Review: Standing at the Sky’s Edge

Words: Geoff Crumack
Image: Johan Persson

This musical about Sheffield feels like a logical step in which to chronicle the city’s recent history, driven by born and bred Richard Hawley’s music.

Standing at the Sky’s Edge is a story and sound of our times. It is gritty and raw but also filled with memory and romance. Hawley’s music uses lush instrumentation, sublime and often melancholy lyrics, the subject nearly always his home town.

Hawley’s beautiful singing voice is absent though, the masterstroke here is to give the cast the mic. The many different voices bring wonderful variety and diversity, when the whole cast sing the title song it is truly thrilling.

The story follows the lives of three different families – displaced liberian refugees, a Northern working class couple and a Southern middle class woman. Their home is the revolutionary iconic Park Hill flats, an exercise in brutalist, municipal social housing. The ‘streets in the sky’ influenced by Le Corbusier, it is epic in it’s ambition and reach.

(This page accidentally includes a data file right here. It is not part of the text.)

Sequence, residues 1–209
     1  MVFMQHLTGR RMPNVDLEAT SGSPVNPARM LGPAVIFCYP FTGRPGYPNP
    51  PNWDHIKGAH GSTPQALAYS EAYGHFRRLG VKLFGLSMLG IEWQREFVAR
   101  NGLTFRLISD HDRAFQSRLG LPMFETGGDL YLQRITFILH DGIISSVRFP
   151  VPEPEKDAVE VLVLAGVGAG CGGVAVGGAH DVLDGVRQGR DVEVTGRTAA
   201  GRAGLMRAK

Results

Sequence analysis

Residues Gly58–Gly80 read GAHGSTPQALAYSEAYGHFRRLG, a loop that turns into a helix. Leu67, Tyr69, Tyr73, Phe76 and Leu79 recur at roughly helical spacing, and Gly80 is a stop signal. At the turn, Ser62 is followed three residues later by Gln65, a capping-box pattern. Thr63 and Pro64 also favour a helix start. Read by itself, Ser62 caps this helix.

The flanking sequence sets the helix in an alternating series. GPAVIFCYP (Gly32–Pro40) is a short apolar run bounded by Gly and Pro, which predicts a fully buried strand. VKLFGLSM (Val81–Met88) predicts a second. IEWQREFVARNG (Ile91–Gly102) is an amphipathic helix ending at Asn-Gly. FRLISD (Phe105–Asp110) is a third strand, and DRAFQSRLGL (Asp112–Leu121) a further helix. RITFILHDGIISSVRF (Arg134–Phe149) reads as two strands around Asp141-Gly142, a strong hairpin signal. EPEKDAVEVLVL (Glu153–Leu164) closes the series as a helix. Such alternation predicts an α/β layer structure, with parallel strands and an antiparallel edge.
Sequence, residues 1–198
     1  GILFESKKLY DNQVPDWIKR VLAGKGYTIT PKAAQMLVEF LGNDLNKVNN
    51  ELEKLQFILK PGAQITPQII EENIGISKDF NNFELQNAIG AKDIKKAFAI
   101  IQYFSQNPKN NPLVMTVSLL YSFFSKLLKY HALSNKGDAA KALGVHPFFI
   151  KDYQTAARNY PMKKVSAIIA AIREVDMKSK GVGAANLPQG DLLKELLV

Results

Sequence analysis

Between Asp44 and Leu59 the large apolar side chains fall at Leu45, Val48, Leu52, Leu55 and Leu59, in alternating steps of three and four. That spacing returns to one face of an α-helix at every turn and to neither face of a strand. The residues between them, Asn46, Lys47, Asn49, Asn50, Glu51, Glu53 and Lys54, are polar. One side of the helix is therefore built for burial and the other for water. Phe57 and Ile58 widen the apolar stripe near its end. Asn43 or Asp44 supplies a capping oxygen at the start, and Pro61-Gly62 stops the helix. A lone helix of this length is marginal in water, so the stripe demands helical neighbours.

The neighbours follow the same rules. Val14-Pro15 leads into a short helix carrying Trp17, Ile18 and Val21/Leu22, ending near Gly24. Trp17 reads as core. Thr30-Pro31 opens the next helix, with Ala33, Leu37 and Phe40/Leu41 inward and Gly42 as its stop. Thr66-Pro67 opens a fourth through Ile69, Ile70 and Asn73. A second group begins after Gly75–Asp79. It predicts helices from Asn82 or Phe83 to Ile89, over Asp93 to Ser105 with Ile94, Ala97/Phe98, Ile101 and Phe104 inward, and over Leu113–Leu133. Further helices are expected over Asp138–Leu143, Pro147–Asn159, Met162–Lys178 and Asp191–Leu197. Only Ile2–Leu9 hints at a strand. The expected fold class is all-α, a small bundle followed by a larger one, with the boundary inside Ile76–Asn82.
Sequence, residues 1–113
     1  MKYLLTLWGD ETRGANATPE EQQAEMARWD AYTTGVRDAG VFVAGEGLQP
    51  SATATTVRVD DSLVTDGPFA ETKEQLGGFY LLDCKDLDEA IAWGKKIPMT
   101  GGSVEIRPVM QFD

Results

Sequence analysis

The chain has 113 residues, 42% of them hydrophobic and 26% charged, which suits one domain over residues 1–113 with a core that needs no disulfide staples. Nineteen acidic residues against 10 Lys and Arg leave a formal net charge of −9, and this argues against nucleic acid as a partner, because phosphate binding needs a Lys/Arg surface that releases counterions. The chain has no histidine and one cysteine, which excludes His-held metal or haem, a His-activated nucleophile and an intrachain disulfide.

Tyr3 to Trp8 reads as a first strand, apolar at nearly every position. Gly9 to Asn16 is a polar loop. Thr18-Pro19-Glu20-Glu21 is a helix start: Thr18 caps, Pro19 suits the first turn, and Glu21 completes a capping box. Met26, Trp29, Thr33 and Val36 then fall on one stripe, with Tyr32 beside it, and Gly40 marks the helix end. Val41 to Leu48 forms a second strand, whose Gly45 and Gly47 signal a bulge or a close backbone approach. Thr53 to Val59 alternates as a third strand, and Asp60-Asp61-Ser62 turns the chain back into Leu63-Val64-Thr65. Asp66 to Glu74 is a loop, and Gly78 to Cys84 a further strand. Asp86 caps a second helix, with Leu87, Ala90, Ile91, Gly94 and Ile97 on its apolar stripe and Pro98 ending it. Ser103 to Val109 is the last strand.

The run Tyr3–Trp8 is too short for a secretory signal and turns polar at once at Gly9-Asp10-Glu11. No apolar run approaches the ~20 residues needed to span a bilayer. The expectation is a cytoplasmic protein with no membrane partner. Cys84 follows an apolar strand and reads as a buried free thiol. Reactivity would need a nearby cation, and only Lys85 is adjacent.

Each family inhabits a different time frame, set against a bleak and desolate Britain rocked by political turmoil, unemployment and the decline of the steel industry. Their stories and struggles are inextricably linked. All are searching, striving and hoping for meaning, love, acceptance and value to their lives. But we witness decline, despair and failure. Ultimately there is a glimmer of a new but different future for all.

We yearn for a happy ending but bittersweet is all it allows.
Remember this though, Henderson’s does not taste like Worcestershire sauce.